EEG predicts right treatment for ADHD and depression,
Brain research better predictor for treatment than behavior
Antidepressants for people with depression and ritalin for ADHD patients. It is the usual medical treatments for such disorders. But the medication is not always effective for all patients. PhD student Martijn Arns conducted research into predicting the correct treatment method for depression and ADHD. According to him, EEG research offers a solution: “In the future, after a simple EEG examination, the patient could receive personalized treatment.” Arns will be awarded a PhD by Utrecht University on December 23.
Treatments in psychiatry are often determined based on the behavior of the patient. For example, if hyperactivity and attention problems are observed in a patient, ADHD is diagnosed, after which the patient is prescribed the drug ritalin. However, the medication does not always appear to have the desired effect. According to PhD student Arns, that is hardly surprising: “Both depression and ADHD have different subtypes. Medication works for one variant, but not for the other.”
Electrodes on the head
To see if a treatment method has a chance of success, PhD student Arns subjected his patients to an EEG. With an EEG the patient gets electrodes placed on the head so that the brain activity can be measured. After this EEG patients were prescribed one of the following three treatments: treatment with medication, with magnetic brain stimulation (rTMS) in depression or with neurofeedback in ADHD. After treatment, Arns examined whether there had been improvement in the patient and whether there was a relationship between the success of the treatment method and the EEG prior to treatment.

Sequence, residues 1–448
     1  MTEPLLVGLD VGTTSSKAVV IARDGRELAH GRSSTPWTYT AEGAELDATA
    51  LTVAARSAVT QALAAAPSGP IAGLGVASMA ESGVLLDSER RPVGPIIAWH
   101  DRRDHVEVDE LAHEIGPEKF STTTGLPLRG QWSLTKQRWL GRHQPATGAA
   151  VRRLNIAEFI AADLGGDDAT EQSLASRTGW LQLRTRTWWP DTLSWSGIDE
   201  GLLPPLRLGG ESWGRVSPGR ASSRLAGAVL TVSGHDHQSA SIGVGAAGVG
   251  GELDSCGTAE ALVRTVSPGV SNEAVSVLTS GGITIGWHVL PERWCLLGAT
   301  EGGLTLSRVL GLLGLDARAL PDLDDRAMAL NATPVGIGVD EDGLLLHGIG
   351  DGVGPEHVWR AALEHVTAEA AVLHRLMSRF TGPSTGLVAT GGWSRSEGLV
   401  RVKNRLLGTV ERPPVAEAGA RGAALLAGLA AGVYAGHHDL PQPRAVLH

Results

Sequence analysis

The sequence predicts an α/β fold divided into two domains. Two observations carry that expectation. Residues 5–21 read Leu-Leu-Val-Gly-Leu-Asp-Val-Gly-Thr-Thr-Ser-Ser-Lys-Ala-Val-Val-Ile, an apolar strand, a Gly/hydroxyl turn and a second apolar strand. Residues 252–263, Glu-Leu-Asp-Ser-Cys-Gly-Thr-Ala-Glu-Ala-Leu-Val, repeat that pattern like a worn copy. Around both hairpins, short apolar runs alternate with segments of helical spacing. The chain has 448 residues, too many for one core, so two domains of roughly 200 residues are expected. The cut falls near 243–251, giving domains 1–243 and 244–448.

Ritalin positive for only one subgroup
Arns writes in his dissertation that he has distinguished three subgroups of ADHD patients. One of those subgroups is characterized by responding well to the drug ritalin. “For example, this group exhibited increased theta activity in the EEG: an activity that is associated with a lowered alertness level and reduced sustained attention.” In depression, this increased theta activity was found to be associated with non-responding to antidepressants and rTMS. Possibly this subgroup of patients responds better to, for example, ritalin. Another important measure, the so-called slow alpha peak frequency, appeared to be a predictor for the general failure to respond to treatments for both ADHD and depression. “Future research must therefore focus on the development of new treatments for this substantial subgroup,” says Arns.
Brain activity instead of behavior
In his dissertation, the Utrecht researcher argues for more use of personalized treatments in psychiatry. Thereby the behavior should no longer be taken as a starting point for a diagnosis and therefore for a treatment, but the measured brain activity. “A simple EEG examination would be a welcome tool for the psychiatrist.”
For a large-scale follow-up study in this area, patients with depression or ADHD are still looking for who are considering taking medication. For more information see also: iSPOT.
You can download the thesis ‘Personalized Medicine in ADHD and Depression: A quest for EEG treatment predictors’ here.